Individuals: An Essay in Descriptive Metaphysics

By P. F. Strawson | Go to book overview

INTRODUCTION

Metaphysics has been often revisionary, and less often descriptive. Descriptive metaphysics is content to describe the actual structure of our thought about the world, revisionary metaphysics is concerned to produce a better structure. The productions of revisionary metaphysics remain permanently interesting, and not only as key episodes in the history of thought. Because of their articulation, and the intensity of their partial vision, the best of them are both intrinsically admirable and of enduring philosophical utility. But this last merit can be ascribed to them only because there is another kind of metaphysics which needs no justification at all beyond that of inquiry in general. Revisionary metaphysics is at the service of descriptive metaphysics. Perhaps no actual metaphysician has ever been, both in intention and effect, wholly the one thing or the other. But we can distinguish broadly: Descartes, Leibniz, Berkeley are revisionary, Aristotle and Kant descriptive. Hume, the ironist of philosophy, is more difficult to place. He appears now under one aspect, now under another.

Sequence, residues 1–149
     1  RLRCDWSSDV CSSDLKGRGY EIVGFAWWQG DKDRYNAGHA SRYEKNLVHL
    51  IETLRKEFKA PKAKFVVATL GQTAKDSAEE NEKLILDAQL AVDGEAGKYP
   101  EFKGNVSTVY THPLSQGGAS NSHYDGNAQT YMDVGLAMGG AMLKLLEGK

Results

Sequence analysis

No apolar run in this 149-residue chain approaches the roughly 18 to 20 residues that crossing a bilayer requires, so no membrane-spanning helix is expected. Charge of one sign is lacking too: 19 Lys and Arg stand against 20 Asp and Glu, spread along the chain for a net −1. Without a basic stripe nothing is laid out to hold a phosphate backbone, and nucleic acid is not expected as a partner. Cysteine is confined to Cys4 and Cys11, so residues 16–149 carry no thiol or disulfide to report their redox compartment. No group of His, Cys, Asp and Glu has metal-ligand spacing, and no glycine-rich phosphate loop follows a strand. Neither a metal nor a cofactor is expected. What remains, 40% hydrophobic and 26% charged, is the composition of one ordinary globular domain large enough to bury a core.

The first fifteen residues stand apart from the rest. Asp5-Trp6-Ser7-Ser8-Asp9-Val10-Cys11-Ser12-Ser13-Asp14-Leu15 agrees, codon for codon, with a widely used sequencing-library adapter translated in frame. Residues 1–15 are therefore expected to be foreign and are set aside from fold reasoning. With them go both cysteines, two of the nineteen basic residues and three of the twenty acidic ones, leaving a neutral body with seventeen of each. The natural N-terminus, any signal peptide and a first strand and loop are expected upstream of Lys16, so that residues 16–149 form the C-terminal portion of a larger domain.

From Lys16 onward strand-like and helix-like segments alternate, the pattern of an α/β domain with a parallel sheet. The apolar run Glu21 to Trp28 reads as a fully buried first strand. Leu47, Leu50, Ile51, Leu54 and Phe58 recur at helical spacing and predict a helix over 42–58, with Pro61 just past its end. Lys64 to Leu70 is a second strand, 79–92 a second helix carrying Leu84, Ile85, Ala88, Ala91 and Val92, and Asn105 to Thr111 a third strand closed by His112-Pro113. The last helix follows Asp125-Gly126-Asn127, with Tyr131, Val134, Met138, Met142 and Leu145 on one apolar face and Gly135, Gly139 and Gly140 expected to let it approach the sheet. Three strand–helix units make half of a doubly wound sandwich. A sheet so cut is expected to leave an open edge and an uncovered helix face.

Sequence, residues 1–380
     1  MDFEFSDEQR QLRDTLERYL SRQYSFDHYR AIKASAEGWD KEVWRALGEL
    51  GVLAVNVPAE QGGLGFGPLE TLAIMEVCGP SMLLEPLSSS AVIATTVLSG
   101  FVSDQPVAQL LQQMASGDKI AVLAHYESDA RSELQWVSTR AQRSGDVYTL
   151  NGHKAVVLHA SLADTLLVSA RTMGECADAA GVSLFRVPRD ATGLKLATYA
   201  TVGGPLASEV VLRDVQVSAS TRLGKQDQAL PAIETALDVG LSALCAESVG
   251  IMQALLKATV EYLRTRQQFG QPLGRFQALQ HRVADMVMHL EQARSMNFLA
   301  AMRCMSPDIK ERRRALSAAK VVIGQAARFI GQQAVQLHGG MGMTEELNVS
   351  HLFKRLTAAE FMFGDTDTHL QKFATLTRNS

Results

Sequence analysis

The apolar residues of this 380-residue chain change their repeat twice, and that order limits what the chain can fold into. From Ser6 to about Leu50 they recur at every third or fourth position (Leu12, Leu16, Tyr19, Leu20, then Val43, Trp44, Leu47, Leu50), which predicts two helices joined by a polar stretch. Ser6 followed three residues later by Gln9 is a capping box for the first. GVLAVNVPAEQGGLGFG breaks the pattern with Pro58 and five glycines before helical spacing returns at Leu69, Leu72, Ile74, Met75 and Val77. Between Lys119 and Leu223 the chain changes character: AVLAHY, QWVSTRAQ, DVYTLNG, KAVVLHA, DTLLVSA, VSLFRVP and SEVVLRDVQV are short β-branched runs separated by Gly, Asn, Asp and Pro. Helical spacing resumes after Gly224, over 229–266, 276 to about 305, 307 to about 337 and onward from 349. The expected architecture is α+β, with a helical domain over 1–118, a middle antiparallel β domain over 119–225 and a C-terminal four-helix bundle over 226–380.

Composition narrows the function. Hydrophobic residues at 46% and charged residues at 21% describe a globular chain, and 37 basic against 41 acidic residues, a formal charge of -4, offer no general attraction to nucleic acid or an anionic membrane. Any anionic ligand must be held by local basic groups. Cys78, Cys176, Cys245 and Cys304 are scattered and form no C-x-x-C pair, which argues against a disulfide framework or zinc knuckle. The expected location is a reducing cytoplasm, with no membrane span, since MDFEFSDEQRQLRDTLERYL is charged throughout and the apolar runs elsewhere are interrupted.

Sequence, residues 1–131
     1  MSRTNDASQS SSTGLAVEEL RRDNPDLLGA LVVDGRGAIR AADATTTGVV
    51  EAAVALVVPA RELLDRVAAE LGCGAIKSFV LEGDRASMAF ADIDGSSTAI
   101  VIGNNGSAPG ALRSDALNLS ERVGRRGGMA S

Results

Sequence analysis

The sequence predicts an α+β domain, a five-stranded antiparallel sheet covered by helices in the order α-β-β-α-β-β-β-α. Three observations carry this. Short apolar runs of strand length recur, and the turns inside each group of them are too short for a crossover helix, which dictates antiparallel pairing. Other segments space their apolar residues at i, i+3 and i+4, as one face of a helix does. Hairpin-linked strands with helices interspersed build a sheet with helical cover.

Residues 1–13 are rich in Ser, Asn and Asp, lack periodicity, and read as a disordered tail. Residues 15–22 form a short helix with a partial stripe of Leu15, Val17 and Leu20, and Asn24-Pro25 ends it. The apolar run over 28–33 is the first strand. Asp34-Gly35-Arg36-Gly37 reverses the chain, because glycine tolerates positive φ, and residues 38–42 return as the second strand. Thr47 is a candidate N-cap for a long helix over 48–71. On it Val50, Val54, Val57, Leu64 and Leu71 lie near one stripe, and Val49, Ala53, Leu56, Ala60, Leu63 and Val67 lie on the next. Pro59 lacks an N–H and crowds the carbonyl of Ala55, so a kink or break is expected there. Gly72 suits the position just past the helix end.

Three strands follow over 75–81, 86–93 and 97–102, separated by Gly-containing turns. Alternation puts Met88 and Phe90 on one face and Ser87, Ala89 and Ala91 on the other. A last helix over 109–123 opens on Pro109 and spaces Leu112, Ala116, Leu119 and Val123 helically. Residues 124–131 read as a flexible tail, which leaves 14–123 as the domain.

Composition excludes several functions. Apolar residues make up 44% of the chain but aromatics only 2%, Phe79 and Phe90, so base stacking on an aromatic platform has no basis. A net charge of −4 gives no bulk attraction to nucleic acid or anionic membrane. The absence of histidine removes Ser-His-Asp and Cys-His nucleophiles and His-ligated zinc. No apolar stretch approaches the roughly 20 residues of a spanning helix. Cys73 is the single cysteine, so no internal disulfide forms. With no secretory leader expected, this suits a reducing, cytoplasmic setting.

The idea of descriptive metaphysics is liable to be met with scepticism. How should it differ from what is called philosophical, or logical, or conceptual analysis? It does not differ in kind of intention, but only in scope and generality. Aiming to lay bare the most general features of our conceptual structure, it can take far less for granted than a more limited and partial conceptual inquiry. Hence, also, a certain difference in method. Up to a point, the reliance upon a close examination of the actual use of words is the best, and indeed the only sure, way in philosophy. But the discriminations we can make, and the connexions we can establish,

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Individuals: An Essay in Descriptive Metaphysics
Table of contents

Table of contents

  • Title Page 1
  • Preface 3
  • Contents 5
  • Introduction 9
  • Part One - Particulars 13
  • 1 - Bodies 15
  • 2 - Sounds 59
  • 3 - Persons 87
  • 4 - Monads 117
  • Part Two - Logical Subjects 135
  • 5 - Subject and Predicate (1): Two Criteria 137
  • 6 - Subject and Predicate (2): Logical Subjects and Particular Objects 180
  • 7 - Language Without Particulars 214
  • 8 - Logical Subjects and Existence 226
  • Conclusion 246
  • Index 251
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